New developments in our understanding of ApoE and late onset Alzheimer’s disease

In early 2020 a special issue of the journal Neurobiology of Disease was published containing eleven articles exploring the role of the ApoE risk gene in the development of late onset Alzheimer’s disease.  This open access journal issue was edited by Allan Butterfield and Lance Johnson and can be found here:

This was followed by the establishment of a popular online seminar series, Alzheimer’s Afternoons, organized by Lance Johnson and Rik van der Kant.  This biweekly seminar series began in March – in the middle of the COVID-19 outbreak, when most researchers had closed their laboratories – and is scheduled to run into June, at least.  It includes seminars by over thirty active researchers in the field, broadcast from their homes as they shelter in place, and has attracted well over 200 attendees per seminar.  The series also grew to include a separate collection of shorter “happy hour” seminars presented online on Fridays by researchers-in-training.  Recordings of these seminars are available online, for a limited time.

Alzheimer’s Afternoons 3:00pm ET Tuesdays and Thursdays

On Twitter @AlzAfternoons

This confluence of articles and seminars highlights the increasing amount of research aimed at understanding the role of the apoe4 risk gene in the development of Alzheimer’s disease and related pathologies.

The published studies, useful reviews, and online seminars are all fascinating.  However, it’s easy to become overwhelmed by the amount of information – two forty-minute seminars plus two shorter “happy hour” talks from trainees each week, plus the flurry of new publications.  To help, I’ve produced the following summaries to help keep them organized in my mind as well as to assist those who are not experts in the field but have a personal interest in apoe4 to follow along.

Disclaimer: these are simply my summaries of selected seminars.  Any errors or omissions are mine alone.  I encourage readers to access the original, published peer-reviewed research and provide links whenever possible.  Nothing herein represents medical advice.

For non-experts in the field

For those starting out and looking for a good review of the apoe4 gene as related to Alzheimer’s disease I recommend this recent review:

A Quarter Century of APOE and Alzheimer’s Disease: Progress to Date and the Path Forward
Michael E. Belloy, Valerio Napolioni, and Michael D. Greicius
Neuron 101, March 6, 2019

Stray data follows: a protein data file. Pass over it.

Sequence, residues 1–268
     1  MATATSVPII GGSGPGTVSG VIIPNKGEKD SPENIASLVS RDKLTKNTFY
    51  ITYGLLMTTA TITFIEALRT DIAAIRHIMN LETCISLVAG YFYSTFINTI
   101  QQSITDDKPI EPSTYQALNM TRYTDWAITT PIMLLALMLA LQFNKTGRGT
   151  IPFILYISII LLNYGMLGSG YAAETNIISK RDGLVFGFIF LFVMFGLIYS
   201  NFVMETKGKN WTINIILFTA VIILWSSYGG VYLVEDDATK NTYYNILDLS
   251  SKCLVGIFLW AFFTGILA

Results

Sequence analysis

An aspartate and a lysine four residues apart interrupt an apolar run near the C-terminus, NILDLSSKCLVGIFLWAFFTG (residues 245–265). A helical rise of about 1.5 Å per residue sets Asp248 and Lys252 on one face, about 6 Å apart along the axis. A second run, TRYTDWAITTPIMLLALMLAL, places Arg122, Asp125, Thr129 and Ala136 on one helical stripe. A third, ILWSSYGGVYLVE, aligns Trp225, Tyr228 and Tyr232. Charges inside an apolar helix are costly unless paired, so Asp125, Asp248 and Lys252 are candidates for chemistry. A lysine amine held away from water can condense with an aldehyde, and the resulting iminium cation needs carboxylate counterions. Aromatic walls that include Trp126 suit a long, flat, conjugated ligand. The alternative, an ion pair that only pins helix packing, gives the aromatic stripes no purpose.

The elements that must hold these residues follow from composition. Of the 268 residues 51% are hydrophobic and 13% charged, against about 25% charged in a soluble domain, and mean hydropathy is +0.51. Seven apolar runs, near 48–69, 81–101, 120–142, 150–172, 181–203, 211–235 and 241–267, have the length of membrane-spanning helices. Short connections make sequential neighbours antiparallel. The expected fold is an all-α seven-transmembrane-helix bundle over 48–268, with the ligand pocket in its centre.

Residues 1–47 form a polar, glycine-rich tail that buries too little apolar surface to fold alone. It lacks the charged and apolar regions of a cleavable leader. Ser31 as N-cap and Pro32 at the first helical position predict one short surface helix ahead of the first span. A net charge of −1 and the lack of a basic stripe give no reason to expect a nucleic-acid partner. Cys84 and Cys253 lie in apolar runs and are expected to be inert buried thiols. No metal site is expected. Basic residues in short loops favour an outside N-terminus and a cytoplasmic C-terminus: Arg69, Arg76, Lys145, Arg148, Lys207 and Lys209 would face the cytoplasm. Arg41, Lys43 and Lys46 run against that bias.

For those who are not scientists in closely related fields – or those who are healthcare providers, policy-makers, advocates, caregivers, apoe4 carriers, or concerned family members – I offer the following recommendations:

  • Most articles discussed here are “open access”, meaning free to download and read. A few might be behind a paywall.  For those articles behind a paywall you can access a summary and sometimes the figures.  Also, you will find that most researchers are willing top provide free PDF copies of their “paywalled” papers if you ask nicely.  (Of course, it’s an interesting question why any taxpayer funded research would be locked up behind a paywall in the first place, but that’s a subject for another time.)
  • This research is quite difficult. It requires adequate funding and long periods of time to build and maintain a functioning laboratory of graduate students, technicians, and post-doctoral researchers.  These individuals train for decades, work very long hours, and endure far more failure than success.  The articles you read are triumphs of tenacity and collaboration.  The best way to ensure that their progress continues is to support basic science research.  This is especially important now, when many researchers can not access their laboratories due to the COVID-19 pandemic.
  • Don’t be overwhelmed by the complexity of research articles, thinking that you (or anyone else) should understand them upon a first reading.  We’re here to help!  I remind undergraduate science students that they are doing well to understand half of what they read the first time through, and 75% upon more careful study.  Very few people – maybe the authors, if not too much time has passed – will understand >90% of any published article.  It’s ok to rely upon the summaries, abstracts, and good science news coverage of an article
  • The process of translating basic research into medical care is a long and arduous one. Clinical trials take many years and millions (sometimes billions) of US dollars and many years to complete. Most potential therapies fail – this is something all too familiar to anyone following Alzheimer’s research.  But such trials are necessary to turn basic research into an effective and safe treatment.  The research described here represent important first steps on this journey.
  • Again, the usual disclaimer applies: Nothing here should be taken as medical advice.
  • If you wish to support Alzheimer’s research by volunteering for a clinical trial, here’s one way to do so:
  • If you are searching for a supportive community of people who carry the apoe4 risk gene, try:

Cheers, TMA